SOME MEASURES MIGHT PREDICT TAPERED SWIMMING PERFORMANCES
Hooper, S. L., Mackinnon, L. T., & Howard, A. (1999). Physiological and psychometric variables for monitoring recovery during tapering for major competition. Medicine and Science in Sport and Exercise, 31, 1205-1210.
This study attempted to identify variables that would be useful in monitoring recovery during tapering for swimming competitions. Changes in physiological variables, tethered swimming force, mood states, and self-ratings of well-being were measured in elite swimmers (N = 10) from before to after two weeks of tapering for a national championships. Physiological measures included resting heart rate; blood pressure; blood lactate concentration; red blood cell, white blood cell, and differential counts; and plasma cortisol, free testosterone, and catecholamine concentrations. Measures taken after 100-m maximal and 200-m standardized submaximal swims included heart rate, blood pressure, and blood lactate concentration.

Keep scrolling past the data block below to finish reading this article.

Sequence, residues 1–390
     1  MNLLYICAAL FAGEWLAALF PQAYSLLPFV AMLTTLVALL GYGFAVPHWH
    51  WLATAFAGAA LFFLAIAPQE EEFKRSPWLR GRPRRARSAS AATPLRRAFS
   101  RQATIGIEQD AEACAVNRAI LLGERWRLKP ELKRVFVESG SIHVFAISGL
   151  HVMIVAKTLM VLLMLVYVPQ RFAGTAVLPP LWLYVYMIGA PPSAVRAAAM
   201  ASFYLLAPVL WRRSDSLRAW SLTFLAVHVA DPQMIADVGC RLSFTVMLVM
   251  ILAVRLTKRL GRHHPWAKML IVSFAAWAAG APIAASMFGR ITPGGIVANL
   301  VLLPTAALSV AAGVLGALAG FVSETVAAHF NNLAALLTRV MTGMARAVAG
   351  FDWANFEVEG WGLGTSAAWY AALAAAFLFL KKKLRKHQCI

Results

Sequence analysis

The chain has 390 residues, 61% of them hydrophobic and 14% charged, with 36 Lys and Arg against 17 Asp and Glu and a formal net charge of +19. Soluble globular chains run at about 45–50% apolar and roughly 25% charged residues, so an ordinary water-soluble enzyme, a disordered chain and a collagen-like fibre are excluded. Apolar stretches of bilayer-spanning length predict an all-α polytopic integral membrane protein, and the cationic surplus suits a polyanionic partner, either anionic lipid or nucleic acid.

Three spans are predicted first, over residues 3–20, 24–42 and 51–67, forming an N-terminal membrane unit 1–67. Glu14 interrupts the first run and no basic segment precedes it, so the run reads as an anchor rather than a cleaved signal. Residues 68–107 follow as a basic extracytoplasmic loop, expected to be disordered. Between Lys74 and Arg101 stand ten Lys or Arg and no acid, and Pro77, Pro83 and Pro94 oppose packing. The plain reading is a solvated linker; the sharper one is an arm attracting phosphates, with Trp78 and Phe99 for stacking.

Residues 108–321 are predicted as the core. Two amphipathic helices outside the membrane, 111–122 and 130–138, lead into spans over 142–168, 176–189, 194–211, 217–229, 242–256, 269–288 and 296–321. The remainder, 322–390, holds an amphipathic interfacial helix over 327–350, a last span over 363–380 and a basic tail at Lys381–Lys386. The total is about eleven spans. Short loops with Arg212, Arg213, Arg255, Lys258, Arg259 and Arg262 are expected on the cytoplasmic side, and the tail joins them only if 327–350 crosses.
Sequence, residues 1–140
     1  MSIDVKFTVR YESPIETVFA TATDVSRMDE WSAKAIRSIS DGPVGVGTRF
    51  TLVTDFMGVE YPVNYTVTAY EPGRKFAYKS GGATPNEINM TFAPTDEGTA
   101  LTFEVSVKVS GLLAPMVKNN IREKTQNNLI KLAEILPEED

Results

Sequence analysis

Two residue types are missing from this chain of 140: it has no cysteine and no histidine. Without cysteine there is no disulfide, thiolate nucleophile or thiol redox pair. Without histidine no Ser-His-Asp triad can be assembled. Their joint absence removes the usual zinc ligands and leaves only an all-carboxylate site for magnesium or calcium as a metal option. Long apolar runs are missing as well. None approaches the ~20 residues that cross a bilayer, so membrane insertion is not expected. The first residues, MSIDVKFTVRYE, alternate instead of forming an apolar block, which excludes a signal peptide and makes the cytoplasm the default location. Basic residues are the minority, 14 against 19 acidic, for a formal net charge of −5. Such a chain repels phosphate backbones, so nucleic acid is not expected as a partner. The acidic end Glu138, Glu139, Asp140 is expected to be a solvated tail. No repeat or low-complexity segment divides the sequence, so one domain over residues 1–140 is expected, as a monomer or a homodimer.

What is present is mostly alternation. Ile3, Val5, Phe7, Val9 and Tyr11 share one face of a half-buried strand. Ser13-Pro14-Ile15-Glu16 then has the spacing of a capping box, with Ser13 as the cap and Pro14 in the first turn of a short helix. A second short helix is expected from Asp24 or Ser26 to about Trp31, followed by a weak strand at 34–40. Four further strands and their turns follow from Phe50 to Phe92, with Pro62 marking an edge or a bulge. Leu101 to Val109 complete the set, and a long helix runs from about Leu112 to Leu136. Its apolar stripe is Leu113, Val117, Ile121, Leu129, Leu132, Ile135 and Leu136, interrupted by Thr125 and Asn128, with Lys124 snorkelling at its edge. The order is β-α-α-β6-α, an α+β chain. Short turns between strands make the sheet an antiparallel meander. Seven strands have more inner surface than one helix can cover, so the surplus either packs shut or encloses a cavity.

Changes in plasma norepinephrine concentration, heart rate after maximal effort swimming, and confusion as measured by the Profile of Mood States predicted the change in swimming time with tapering (R2 = 0.98); the change in plasma norepinephrine concentration by itself predicted the change in swim time with tapering (R2 = 0.82).
Implication. Recovery after intense training can be monitored during tapering and an accurate prediction of performance changes may be possible if the changes in the range of physiological and psychological variables are measured. [The results of this study are usual in that several other investigations have shown no relationships between tapered performances and measures taken during training.]
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